Bye-Bye Barry

Since he started growing – and he got really big really fast – Barry has always been a conversation piece. He just has that stand-out type of character and physique that attracts attention. But unfortunately the time has come for him to be rehomed.

Even in the brooder Barry was a little character. We immediately correctly identified him as a rooster, and he quickly became Patricia’s favourite. He always came to her, didn’t mind getting picked up and was a fun little cockerel to work and play with.

Barry - chick

Barry as a chick

I used to call him Bogan Barrry, because he was a different breed than all our other chickens, but when we did our investigations, it turned out he is an excellent specimen of Coronation Sussex. Because none of our other Sussexes are Coronations (they’re light and buff Sussexes), I often raised the topic of selling or swopping Barry in order to keep our breeds pure, but every time that thought was squashed by “the team” – they all adored Barry.

Barry - Young

Young Barry

Since they started free-ranging, Barry used to be my loyal working companion. He used to leave the flock and come hang out wherever I was working. We had a very good relationship. He had a good sense when not to come too close – like when I was working with heavy machinery or tools like pick axes and spades, or when an area was fenced off – even with only a 1ft high rabbit fence, but he was also always right there to grab the morsels that appeared – he was a master at catching fast-moving crickets (which there were many of when we lifted the weed mats), he was the first chicken to enjoy squashed snails, and of course, earthworms were always a great treat. It was fun having him around when I worked. He even seemed to respect the new small seedlings.

LP - Barry

Barry “helping” with working

But then one day things changed – quite quickly actually. Right about the time the bigger pullets started getting “big enough”, he seems to have had a change in attitude. He still came and hung around when I worked at Dreamland, but his attitude was different. It wasn’t that loyal friendship type of hanging out anymore, it was more an “I’m watching you” kind of hanging out. That little sidewise strut showing occasionally. He didn’t allow you to stroke him anymore either.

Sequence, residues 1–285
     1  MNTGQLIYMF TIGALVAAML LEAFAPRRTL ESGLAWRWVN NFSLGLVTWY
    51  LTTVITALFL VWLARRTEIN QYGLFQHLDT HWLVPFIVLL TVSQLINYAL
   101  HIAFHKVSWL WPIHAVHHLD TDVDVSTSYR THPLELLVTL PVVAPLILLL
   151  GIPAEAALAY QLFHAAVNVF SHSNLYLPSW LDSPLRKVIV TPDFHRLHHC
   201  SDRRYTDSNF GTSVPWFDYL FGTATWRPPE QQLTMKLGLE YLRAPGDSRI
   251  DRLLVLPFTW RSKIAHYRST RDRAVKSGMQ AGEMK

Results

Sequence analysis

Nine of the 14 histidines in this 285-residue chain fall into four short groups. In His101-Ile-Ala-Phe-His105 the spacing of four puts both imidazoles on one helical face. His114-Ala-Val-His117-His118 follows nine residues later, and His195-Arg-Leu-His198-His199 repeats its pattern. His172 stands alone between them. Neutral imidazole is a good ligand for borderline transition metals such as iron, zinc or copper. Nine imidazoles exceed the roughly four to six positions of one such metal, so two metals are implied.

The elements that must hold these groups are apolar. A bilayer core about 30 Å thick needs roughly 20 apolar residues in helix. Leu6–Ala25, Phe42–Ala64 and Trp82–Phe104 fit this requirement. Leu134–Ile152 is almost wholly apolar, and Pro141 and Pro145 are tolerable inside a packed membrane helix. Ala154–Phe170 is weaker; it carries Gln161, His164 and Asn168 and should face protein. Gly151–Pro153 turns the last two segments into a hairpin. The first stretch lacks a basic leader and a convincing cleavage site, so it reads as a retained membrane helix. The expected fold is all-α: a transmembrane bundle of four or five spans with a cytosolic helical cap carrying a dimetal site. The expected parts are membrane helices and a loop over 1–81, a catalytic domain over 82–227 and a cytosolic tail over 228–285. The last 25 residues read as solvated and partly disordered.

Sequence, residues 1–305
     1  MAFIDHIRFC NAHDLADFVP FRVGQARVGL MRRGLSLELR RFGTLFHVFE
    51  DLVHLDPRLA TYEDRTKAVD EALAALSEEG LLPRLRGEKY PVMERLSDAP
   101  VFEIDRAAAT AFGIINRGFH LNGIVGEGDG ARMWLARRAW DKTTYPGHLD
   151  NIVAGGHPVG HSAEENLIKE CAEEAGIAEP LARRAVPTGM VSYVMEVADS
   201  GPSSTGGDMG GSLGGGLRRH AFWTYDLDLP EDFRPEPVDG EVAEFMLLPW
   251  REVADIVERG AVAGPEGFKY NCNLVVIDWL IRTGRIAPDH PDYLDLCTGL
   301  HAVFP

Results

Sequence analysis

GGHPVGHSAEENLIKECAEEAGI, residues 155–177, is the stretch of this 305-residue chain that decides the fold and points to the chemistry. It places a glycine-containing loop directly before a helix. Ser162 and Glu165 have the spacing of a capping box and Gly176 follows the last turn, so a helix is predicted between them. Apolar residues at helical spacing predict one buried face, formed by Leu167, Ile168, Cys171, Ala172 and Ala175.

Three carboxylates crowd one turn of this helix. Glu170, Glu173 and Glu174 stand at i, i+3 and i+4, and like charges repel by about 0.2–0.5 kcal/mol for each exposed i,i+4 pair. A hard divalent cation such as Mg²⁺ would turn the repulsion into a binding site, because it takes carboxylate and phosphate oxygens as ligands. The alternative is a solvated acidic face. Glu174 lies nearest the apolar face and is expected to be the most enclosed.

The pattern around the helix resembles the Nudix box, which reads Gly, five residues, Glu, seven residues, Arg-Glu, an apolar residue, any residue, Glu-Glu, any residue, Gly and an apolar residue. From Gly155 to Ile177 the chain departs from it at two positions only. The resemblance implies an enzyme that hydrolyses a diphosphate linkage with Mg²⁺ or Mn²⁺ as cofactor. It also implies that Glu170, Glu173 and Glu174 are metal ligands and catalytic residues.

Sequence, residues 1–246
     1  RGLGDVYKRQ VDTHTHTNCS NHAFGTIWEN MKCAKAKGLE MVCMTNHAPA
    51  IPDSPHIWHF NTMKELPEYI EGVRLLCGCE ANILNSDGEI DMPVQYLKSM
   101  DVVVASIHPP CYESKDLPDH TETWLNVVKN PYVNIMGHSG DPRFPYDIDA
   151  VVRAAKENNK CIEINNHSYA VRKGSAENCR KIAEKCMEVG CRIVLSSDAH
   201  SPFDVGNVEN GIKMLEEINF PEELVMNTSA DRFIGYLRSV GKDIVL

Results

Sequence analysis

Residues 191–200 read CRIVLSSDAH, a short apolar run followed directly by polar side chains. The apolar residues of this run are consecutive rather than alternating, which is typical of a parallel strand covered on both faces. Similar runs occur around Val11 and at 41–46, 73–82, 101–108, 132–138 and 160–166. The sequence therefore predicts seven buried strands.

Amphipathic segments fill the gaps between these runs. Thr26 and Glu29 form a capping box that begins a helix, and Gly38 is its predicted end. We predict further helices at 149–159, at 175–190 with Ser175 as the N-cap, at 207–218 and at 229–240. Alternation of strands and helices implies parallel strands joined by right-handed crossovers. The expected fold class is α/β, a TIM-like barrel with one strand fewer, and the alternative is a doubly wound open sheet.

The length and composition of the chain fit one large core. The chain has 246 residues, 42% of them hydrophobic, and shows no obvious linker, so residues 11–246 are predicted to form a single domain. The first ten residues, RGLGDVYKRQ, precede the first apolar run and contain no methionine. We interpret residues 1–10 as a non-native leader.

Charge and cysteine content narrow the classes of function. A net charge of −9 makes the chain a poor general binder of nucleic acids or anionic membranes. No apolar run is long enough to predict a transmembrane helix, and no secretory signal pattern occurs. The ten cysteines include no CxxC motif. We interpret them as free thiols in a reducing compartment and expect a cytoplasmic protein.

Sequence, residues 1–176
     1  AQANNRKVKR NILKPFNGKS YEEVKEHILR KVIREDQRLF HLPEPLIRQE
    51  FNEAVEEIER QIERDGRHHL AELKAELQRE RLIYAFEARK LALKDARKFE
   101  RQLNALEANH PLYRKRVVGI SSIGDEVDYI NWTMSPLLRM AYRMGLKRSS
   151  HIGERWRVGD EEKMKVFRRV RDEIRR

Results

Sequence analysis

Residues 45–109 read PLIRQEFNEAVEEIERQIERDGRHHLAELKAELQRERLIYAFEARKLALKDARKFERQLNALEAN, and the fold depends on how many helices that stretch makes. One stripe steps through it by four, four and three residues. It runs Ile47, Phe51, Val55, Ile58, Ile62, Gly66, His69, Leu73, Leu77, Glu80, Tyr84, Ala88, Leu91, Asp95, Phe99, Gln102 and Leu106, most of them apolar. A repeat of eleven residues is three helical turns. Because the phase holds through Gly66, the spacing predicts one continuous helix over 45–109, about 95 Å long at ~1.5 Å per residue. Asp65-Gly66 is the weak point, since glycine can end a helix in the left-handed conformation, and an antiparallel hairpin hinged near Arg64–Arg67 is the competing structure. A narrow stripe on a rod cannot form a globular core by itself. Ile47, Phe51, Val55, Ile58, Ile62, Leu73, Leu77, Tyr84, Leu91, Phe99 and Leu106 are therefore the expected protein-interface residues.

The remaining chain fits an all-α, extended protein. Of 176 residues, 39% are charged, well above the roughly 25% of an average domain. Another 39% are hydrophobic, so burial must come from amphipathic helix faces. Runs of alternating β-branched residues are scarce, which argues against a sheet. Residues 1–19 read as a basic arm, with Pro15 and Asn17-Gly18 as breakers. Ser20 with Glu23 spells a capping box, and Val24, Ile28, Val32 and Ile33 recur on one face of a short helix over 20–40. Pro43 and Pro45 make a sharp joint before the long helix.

Greens - back bed

Barry working with the others

And then one day he started chasing the children – first Micaela, and then a few days later Markus too. And that was a wrong thing to do. The children absolutely adore the chickens and the ducks and love to play with them, feed them and care for them. They always took their little friends over to play with and watch the chooks and ducks. However, since Barry started chasing and attacking them, life at Dreamland has changed. Micaela was too scared to even go there, and only said hi to the ducks and the Sussex pullets (half of which are “hers”) during those short periods before the “big chickens” are let out or after they have already been closed in their coop. As a result, the other chickens and ducks were also slowly getting wilder as they didn’t receive the personal and loving interaction anymore. Markus is not so easily put off, but his approach had also changed. He was always on guard with a spray bottle or an umbrella to fend Barry off, but he still treats the other chickens with the same care and love. But Barry was spoiling it all a bit. And we have a suspicion that Barry’s bad behaviour may also have influenced the other roosters to an extent.